Abnormal distribution of the non-Abeta component of Alzheimer's disease amyloid precursor/alpha-synuclein in Lewy body disease as revealed by proteinase K and formic acid pretreatment

Takeda, A.; Hashimoto, M.; Mallory, M.; Sundsumo, M.; Hansen, L.; Sisk, A.; Masliah, E.

Laboratory Investigation; a Journal of Technical Methods and Pathology 78(9): 1169-1177


ISSN/ISBN: 0023-6837
PMID: 9759660
Document Number: 488426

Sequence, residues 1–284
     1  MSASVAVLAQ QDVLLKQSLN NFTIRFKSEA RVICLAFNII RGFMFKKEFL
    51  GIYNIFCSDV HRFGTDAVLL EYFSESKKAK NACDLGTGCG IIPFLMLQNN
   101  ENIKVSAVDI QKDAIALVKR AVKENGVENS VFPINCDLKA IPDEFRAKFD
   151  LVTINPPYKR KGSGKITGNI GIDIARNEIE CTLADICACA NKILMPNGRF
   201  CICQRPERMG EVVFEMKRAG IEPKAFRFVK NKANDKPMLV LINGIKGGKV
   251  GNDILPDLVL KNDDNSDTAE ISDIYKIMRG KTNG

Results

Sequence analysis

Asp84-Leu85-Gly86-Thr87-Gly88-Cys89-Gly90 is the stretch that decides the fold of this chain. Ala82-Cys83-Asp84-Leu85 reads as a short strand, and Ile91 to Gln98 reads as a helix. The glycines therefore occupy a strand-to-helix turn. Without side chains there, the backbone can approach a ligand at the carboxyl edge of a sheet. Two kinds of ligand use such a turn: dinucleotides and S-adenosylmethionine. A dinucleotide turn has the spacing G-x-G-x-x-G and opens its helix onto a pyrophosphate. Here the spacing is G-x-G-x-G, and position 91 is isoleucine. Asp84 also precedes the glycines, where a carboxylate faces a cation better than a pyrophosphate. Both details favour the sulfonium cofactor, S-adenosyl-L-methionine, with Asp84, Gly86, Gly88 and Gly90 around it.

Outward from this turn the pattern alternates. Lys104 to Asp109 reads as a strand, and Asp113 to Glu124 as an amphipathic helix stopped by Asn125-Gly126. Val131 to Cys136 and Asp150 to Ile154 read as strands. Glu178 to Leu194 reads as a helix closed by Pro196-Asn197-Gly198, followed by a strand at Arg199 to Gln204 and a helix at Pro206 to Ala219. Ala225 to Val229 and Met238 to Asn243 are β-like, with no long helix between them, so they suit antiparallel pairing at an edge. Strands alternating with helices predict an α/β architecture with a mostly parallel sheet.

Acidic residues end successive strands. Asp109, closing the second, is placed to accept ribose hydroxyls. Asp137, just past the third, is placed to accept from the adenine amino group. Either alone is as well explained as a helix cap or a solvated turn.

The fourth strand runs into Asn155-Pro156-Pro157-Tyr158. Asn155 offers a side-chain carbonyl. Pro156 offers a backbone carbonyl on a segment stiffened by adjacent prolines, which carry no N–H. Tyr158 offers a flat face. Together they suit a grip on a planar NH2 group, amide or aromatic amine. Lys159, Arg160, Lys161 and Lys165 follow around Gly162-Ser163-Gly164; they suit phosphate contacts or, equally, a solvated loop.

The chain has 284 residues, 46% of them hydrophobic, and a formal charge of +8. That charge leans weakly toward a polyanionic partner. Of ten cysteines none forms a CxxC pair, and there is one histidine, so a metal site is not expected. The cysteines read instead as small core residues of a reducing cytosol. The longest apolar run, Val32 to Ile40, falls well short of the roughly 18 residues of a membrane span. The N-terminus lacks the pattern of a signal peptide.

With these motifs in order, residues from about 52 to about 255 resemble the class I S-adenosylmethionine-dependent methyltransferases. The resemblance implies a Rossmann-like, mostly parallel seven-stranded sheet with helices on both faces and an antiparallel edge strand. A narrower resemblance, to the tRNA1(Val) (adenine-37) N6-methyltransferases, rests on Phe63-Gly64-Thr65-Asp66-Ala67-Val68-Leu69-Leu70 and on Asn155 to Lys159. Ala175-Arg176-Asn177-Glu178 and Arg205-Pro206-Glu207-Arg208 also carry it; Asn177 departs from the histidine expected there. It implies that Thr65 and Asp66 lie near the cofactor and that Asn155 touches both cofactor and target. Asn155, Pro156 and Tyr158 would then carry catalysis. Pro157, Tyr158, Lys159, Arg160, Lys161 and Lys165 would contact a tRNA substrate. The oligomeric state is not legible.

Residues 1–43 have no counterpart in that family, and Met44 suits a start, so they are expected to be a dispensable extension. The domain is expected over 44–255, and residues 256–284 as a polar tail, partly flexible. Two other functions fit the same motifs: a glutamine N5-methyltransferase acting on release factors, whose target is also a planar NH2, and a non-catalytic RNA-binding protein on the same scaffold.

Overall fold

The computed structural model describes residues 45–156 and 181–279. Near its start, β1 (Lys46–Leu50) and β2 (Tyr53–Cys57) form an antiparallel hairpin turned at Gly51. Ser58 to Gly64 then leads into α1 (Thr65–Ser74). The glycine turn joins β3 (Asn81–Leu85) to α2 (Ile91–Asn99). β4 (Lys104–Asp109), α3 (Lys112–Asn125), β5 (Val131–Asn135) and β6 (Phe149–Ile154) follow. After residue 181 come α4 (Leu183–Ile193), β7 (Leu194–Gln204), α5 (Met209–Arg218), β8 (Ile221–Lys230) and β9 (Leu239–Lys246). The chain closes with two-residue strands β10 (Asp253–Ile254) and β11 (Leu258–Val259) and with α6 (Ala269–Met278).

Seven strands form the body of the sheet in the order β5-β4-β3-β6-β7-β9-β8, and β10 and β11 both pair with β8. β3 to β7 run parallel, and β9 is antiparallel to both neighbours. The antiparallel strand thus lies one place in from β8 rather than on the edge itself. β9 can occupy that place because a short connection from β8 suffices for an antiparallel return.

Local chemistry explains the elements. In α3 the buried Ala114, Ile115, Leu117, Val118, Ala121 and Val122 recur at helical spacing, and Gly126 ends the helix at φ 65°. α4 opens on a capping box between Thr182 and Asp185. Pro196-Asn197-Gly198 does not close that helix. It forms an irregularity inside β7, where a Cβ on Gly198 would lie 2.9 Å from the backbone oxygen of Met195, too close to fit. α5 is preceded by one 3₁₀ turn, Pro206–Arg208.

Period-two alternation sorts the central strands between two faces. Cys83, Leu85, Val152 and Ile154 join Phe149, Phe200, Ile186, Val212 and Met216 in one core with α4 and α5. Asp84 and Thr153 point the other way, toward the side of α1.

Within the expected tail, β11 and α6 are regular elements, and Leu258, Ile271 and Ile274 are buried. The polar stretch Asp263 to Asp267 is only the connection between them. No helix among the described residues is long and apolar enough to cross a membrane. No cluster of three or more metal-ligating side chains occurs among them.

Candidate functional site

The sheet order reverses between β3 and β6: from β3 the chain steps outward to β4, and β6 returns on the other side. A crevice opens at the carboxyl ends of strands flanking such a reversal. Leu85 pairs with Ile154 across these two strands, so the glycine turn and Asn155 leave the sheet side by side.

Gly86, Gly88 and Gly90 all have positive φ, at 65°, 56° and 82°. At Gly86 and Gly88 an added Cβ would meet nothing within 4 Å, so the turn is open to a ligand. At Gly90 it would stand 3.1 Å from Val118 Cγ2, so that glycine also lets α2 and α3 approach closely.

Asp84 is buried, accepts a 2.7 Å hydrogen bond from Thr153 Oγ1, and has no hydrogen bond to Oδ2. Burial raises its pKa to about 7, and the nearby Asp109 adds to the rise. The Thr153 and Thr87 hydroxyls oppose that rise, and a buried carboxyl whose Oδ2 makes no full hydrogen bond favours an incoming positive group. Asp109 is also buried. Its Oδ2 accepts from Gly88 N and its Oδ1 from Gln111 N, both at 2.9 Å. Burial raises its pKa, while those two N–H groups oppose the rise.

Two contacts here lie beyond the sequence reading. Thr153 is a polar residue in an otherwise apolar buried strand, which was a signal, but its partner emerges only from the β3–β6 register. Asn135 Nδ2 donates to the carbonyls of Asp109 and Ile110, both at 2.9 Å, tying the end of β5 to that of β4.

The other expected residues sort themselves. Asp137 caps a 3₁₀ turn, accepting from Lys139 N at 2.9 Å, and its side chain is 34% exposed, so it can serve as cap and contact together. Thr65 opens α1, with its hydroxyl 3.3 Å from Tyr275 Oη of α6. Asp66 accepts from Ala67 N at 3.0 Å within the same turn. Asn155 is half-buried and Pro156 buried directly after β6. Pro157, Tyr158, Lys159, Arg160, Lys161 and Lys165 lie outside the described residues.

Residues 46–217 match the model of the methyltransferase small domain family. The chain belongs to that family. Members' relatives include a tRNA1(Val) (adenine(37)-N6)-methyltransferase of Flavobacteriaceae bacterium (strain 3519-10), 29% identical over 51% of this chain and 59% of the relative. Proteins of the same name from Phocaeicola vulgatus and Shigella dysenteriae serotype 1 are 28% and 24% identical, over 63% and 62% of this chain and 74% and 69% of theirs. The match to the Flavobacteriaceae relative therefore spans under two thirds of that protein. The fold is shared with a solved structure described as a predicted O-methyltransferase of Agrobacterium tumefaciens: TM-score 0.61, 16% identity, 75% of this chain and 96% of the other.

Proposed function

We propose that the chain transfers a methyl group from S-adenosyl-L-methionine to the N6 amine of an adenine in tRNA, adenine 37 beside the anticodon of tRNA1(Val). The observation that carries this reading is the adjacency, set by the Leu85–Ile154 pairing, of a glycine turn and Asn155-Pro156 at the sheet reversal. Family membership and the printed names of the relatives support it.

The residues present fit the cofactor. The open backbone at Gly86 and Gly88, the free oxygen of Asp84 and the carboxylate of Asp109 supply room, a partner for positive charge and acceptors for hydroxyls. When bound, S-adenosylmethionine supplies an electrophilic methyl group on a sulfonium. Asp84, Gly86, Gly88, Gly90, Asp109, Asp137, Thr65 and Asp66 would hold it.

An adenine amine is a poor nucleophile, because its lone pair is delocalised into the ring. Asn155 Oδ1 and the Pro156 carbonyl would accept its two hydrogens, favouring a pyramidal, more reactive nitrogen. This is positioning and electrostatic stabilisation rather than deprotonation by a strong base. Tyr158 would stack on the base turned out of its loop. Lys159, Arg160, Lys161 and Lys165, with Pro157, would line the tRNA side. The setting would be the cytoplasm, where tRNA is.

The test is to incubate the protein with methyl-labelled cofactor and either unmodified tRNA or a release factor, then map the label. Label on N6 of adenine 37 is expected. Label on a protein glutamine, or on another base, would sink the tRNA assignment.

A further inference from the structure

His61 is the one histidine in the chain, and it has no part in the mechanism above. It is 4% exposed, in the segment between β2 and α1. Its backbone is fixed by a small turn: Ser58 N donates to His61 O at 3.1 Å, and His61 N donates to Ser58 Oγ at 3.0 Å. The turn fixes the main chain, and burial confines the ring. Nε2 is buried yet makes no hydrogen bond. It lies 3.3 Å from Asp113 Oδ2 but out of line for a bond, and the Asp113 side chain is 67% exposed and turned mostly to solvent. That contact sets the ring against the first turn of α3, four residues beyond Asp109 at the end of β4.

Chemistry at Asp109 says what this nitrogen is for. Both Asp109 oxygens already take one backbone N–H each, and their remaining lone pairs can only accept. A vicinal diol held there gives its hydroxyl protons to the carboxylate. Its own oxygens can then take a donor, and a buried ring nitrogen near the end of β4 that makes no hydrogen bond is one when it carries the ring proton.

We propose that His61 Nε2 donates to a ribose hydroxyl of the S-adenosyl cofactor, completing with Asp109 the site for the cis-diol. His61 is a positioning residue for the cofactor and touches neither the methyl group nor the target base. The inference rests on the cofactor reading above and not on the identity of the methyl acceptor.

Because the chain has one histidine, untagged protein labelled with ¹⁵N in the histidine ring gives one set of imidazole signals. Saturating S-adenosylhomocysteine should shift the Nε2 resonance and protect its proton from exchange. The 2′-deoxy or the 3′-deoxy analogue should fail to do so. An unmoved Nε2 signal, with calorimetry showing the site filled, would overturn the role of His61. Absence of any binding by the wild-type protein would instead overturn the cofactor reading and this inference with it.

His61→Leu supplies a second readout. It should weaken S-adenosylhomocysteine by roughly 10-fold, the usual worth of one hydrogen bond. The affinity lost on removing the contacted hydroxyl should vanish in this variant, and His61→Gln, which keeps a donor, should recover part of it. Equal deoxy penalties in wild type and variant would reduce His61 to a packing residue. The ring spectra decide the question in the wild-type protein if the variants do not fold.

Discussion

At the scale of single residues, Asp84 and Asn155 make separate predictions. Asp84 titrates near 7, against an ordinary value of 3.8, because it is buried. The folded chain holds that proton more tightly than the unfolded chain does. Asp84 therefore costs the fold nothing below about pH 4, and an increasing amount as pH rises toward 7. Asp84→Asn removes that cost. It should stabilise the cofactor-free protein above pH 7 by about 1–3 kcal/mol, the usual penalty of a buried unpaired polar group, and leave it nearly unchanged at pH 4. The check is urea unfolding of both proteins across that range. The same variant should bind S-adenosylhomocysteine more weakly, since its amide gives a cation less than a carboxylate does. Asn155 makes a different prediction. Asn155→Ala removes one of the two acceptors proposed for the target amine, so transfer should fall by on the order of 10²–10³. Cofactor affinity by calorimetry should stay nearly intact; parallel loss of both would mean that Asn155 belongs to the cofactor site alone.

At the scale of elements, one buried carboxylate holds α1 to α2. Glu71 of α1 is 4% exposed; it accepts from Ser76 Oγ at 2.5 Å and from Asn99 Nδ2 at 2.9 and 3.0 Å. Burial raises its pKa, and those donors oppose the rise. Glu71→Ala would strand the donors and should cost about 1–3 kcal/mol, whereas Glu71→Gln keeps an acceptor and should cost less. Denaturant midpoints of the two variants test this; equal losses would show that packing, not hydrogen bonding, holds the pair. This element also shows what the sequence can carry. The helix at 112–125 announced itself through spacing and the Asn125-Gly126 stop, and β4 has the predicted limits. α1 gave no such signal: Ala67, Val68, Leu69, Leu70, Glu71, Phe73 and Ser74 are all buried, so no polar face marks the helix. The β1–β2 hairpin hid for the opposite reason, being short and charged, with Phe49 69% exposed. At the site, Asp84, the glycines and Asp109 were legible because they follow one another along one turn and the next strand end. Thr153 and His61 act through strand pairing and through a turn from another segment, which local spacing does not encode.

The precursor of the non-Abeta component of Alzheimer's disease amyloid (NACP) (also known as alpha-synuclein) is a presynaptic terminal molecule that abnormally accumulates in the plaques of Alzheimer's disease (AD) and in the Lewy bodies (LBs) of Lewy body variant of AD, diffuse Lewy body disease, and Parkinson's disease. To better understand the distribution of NACP/alpha-synuclein and its fragments in the LB-bearing neurons and neurites, as well as to clarify the patterns of NACP/alpha-synuclein compartmentalization, we studied NACP/alpha-synuclein immunoreactivity using antibodies against the C-terminal, N-terminal, and NAC regions after Proteinase K and formic acid treatment in the cortex of patients with LBs. Furthermore, studies of the subcellular localization of NACP/alpha-synuclein within LB-bearing neurons were performed by immunogold electron microscopy. These studies showed that the N-terminal antibody immunolabeled the LBs and dystrophic neurites with great intensity and, to a lesser extent, the synapses. In contrast, the C-terminal antibody strongly labeled the synapses and, to a lesser extent, the LBs and dystrophic neurites. Whereas Proteinase K treatment enhanced NACP/alpha-synuclein immunoreactivity with the C-terminal antibody, it diminished the N-terminal NACP/alpha-synuclein immunoreactivity. Furthermore, formic acid enhanced LB and dystrophic neurite labeling with both the C- and N-terminal antibodies. In addition, whereas without pretreatment only slight anti-NAC immunoreactivity was found in the LBs, formic acid pretreatment revealed an extensive anti-NAC immunostaining of LBs, plaques, and glial cells. Ultrastructural analysis revealed that NACP/alpha-synuclein immunoreactivity was diffusely distributed within the amorphous electrodense material in the LBs and as small clusters in the filaments of LBs and neurites. These results support the view that aggregated NACP/alpha-synuclein might play an important role in the pathogenesis of disorders associated with LBs.

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